"The FBI said he didn’t lie and they overrode the FBI," Trump tweeted. "They want to scare everybody into making up stories that are not true by catching them in the smallest of misstatements. Sad!......"

Flynn's supporters have long insisted he didn't lie to the FBI agents, who included Peter Strozk, a senior agent later dismissed because of embarrasing texts he exchanged with now-former FBI lawyer Lisa Page.

The meeting with Flynn in the White House was set up by then-FBI Deputy Director Andy McCabe, who served as the agency’s acting director after James Comey was fired by Trump as FBI director in May 2017. McCabe was fired himself this year by then-Attorney General Jeff Sessions after Trump repeatedly complained about McCabe. Flynn's lawyer noted the firings in his sentencing memo.

Last year, however, Trump seemed to admit knowledge of Flynn's lies in a tweet that read, "I had to fire General Flynn because he lied to the Vice President and the FBI. He has pled guilty to those lies. It is a shame because his actions during the transition were lawful. There was nothing to hide!"

The judge has not, as of now, altered Flynn's sentencing date in light of his request for documents. The government has until Friday at 3 p.m. to submit the requested documents to the judge and to respond to the recent defense filing.

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Jabin Botsford/The Washington Post via Getty Images(WASHINGTON) -- In his first reaction since his longtime personal -- and now former-- attorney and fixer was sentenced Wednesday to three years in prison for crimes committed while working for him, President Donald Trump again attempted to distance himself, repeating legal arguments and saying he "never directed Michael Cohen to break the law," contrary to what federal prosecutors contend.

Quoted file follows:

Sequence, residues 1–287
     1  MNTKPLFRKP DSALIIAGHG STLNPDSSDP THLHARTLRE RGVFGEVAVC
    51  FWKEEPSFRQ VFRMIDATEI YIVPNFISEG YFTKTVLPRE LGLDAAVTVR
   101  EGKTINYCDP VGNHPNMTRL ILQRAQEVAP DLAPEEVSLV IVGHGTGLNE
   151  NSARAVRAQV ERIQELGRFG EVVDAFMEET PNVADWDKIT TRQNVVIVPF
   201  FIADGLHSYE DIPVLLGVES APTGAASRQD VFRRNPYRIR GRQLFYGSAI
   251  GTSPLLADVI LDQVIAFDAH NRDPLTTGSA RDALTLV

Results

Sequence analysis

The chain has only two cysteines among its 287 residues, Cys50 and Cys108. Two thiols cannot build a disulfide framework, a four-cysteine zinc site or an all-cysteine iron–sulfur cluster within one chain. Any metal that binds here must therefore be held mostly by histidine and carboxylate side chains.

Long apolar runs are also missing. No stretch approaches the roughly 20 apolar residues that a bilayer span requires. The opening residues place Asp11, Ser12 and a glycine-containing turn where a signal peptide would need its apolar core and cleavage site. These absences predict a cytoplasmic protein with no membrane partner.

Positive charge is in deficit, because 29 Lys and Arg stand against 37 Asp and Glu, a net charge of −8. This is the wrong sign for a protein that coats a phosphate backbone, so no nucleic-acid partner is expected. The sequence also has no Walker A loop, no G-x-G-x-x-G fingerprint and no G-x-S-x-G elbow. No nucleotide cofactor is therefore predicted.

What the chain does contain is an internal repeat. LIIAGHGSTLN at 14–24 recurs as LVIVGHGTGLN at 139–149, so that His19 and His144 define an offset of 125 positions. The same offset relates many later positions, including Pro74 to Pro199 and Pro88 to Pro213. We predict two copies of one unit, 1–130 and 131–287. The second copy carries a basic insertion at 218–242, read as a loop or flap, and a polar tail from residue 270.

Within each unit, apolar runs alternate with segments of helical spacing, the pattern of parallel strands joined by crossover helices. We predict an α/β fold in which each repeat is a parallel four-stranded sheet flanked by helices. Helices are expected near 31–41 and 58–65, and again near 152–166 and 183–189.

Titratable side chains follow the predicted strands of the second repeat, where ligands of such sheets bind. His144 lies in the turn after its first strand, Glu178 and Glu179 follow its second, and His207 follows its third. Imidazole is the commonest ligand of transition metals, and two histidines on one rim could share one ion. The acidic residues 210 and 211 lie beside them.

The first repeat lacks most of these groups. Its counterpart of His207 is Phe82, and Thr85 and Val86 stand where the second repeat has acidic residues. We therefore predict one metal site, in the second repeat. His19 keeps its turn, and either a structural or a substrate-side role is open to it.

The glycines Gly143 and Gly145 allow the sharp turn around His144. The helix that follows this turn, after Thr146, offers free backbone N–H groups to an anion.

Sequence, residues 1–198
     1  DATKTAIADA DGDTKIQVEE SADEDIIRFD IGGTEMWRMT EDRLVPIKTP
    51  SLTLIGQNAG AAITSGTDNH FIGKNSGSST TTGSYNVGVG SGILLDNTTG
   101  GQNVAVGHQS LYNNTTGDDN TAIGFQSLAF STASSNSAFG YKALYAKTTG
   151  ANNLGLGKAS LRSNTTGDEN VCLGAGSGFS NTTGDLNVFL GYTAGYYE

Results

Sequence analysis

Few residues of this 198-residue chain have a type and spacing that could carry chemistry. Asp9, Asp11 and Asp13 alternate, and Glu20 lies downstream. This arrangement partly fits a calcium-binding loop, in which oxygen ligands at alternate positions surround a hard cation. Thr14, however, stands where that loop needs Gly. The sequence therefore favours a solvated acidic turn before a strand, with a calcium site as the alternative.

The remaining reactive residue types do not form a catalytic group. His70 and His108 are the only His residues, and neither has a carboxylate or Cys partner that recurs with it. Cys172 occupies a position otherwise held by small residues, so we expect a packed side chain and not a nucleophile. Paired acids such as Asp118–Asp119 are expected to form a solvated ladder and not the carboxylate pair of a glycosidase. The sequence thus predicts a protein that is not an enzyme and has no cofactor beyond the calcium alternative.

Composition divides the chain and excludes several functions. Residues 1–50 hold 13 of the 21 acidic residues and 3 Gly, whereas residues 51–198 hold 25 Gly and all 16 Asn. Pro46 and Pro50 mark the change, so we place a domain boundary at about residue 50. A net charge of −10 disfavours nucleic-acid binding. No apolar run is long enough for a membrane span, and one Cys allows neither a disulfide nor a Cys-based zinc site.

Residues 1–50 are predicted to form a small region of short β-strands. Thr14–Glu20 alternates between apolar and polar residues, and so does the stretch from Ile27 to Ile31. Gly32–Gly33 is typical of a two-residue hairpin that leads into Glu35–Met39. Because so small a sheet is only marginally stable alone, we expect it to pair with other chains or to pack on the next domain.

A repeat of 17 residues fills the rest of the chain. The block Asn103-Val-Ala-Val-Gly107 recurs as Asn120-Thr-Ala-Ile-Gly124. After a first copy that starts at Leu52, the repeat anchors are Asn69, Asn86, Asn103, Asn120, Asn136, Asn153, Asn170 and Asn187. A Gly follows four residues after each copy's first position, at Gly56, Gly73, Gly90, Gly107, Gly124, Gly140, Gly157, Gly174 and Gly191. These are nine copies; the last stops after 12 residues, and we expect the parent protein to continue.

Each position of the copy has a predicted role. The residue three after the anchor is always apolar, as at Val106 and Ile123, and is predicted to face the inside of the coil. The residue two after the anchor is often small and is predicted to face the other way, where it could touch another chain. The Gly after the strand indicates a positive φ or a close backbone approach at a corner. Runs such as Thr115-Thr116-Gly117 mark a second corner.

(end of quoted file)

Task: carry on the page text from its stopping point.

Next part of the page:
"He was a lawyer and he is supposed to know the law. It is called 'advice of counsel,' and a lawyer has great liability if a mistake is made. That is why they get paid," Trump said in an early morning series of tweets on Thursday.

I never directed Michael Cohen to break the law. He was a lawyer and he is supposed to know the law. It is called “advice of counsel,” and a lawyer has great liability if a mistake is made. That is why they get paid. Despite that many campaign finance lawyers have strongly......

— Donald J. Trump (@realDonaldTrump) December 13, 2018


....stated that I did nothing wrong with respect to campaign finance laws, if they even apply, because this was not campaign finance. Cohen was guilty on many charges unrelated to me, but he plead to two campaign charges which were not criminal and of which he probably was not...

— Donald J. Trump (@realDonaldTrump) December 13, 2018

....guilty even on a civil basis. Those charges were just agreed to by him in order to embarrass the president and get a much reduced prison sentence, which he did-including the fact that his family was temporarily let off the hook. As a lawyer, Michael has great liability to me!

— Donald J. Trump (@realDonaldTrump) December 13, 2018

The president expanded on his tweets in an interview later in the morning with Fox News anchor Harris Faulkner.